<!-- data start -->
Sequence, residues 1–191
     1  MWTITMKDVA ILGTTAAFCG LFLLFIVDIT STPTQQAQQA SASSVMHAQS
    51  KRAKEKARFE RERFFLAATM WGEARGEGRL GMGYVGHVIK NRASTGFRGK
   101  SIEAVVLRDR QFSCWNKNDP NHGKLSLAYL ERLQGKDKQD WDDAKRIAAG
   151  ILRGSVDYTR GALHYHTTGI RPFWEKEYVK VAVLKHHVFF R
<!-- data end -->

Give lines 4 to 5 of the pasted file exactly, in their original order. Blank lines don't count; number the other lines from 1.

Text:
   101  SIEAVVLRDR QFSCWNKNDP NHGKLSLAYL ERLQGKDKQD WDDAKRIAAG
   151  ILRGSVDYTR GALHYHTTGI RPFWEKEYVK VAVLKHHVFF R